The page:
Meanwhile, NDMU uses ongoing annual contributions from the Trust to support student financial aid and institutional operations. “Notre Dame today is blessed to provide as much as $10 million in financial aid and scholarship resources to worthy students each year,” shares Carroll David Galvin, Interim Associate Vice President for Development and Director of Corporate, Foundation & Government Grants. “Most recently, 51% of students in the undergraduate Women’s College are recipients of federal Pell-grants, awarded to those students showing the highest levels of financial need. Funds from the Knott Trust help support aid to this population, and others, on our campus,” he confirms.

Scholarship Funds to Help Catholic Students

The Marion Burk Knott Scholarship Fund (est. 1980) and the Marion I. & Henry J. Knott Scholarship Fund (est. 1988) together operate as the Knott Scholarship Funds. The assets of these two funds total approximately $100 million. The Knott’s vision for these scholarships was to create a future for Maryland that is supported and steered by a community that puts into action the values and beliefs of the Catholic faith.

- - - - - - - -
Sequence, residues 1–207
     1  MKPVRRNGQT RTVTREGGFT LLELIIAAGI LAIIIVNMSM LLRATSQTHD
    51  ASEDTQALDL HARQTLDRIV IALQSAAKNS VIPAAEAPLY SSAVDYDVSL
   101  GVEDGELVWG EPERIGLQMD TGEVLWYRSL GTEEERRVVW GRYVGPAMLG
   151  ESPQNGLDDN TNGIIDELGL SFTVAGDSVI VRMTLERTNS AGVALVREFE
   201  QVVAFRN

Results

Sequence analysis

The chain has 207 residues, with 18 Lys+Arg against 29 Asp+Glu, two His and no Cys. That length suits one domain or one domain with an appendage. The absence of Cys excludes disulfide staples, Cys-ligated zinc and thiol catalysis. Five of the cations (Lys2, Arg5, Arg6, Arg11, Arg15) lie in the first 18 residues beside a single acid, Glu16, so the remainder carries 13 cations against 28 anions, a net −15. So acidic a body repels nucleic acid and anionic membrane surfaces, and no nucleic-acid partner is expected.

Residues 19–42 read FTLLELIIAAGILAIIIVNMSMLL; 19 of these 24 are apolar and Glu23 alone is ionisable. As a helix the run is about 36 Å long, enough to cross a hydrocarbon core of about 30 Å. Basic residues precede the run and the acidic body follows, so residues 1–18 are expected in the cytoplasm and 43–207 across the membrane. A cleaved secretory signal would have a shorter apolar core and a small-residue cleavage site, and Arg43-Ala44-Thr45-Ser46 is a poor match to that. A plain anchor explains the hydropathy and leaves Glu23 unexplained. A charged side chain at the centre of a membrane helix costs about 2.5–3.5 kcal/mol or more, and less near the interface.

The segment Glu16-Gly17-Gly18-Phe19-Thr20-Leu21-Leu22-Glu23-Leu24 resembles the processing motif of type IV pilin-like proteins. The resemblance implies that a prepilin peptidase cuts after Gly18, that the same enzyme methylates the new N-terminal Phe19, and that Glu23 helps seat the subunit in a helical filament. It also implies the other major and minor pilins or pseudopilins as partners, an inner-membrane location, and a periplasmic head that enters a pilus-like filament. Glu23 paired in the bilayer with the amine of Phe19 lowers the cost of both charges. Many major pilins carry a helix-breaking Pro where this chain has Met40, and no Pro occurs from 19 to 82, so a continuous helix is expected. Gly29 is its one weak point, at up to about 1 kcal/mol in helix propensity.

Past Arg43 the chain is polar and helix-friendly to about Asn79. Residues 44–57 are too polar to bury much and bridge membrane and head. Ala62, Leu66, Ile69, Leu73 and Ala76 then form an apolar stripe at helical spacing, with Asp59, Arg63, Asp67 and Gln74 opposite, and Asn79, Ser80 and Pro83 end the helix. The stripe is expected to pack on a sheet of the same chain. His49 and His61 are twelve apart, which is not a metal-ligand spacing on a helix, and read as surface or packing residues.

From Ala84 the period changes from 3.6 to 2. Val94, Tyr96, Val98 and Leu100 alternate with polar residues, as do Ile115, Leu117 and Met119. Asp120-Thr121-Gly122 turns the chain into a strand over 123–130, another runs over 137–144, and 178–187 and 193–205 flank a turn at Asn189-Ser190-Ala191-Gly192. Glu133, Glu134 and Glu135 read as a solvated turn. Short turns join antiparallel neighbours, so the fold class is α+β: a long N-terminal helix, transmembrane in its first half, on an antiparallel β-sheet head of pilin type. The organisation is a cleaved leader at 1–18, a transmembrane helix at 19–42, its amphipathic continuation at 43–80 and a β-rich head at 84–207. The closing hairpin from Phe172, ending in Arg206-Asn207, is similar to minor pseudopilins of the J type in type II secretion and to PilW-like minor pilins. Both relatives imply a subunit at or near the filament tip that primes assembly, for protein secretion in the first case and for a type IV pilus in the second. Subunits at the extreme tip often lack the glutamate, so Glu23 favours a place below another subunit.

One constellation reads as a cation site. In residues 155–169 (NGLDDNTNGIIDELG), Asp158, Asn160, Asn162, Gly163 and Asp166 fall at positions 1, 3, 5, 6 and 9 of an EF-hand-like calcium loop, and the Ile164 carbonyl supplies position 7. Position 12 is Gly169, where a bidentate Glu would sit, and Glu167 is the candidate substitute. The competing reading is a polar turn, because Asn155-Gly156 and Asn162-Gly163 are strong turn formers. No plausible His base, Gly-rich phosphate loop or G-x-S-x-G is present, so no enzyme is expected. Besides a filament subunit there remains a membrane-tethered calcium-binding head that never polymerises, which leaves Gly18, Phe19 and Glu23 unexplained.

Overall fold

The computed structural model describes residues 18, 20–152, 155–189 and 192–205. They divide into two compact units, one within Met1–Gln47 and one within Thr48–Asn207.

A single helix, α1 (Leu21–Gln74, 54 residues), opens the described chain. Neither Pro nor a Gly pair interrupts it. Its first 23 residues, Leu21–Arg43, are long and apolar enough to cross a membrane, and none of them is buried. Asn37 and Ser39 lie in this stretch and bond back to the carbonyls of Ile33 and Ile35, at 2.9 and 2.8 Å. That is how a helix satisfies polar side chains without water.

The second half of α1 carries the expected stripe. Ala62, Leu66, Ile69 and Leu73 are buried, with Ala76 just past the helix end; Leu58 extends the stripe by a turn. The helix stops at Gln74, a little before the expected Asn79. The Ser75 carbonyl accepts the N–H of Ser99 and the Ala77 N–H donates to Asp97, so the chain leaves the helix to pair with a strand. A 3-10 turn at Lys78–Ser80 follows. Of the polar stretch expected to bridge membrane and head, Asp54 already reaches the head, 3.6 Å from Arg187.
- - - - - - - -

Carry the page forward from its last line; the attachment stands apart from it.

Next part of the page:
The Knott Scholarship Funds award scholarships to academically talented Catholic students who wish to continue their education in a Catholic school within the Archdiocese of Baltimore. Full-tuition scholarships are awarded to elementary students (grades 5-8) and high school students attending a Catholic school. College scholarships are available at the three Catholic Colleges in Maryland: Loyola University Maryland, Mount St. Mary’s University, and Notre Dame of Maryland University.

To date, nearly $60 million in scholarship awards have benefited some 1,500 students in elementary school, high school, and college. With a rich history spanning 38 years, the Scholarship Funds has produced some heartwarming results: over 64 siblings have been awarded scholarships; a mother/son are both scholarship winners; and there have even been two marriages between Knott Scholars. You can learn more about the Knott Scholarship Funds here: http://knottscholar.info/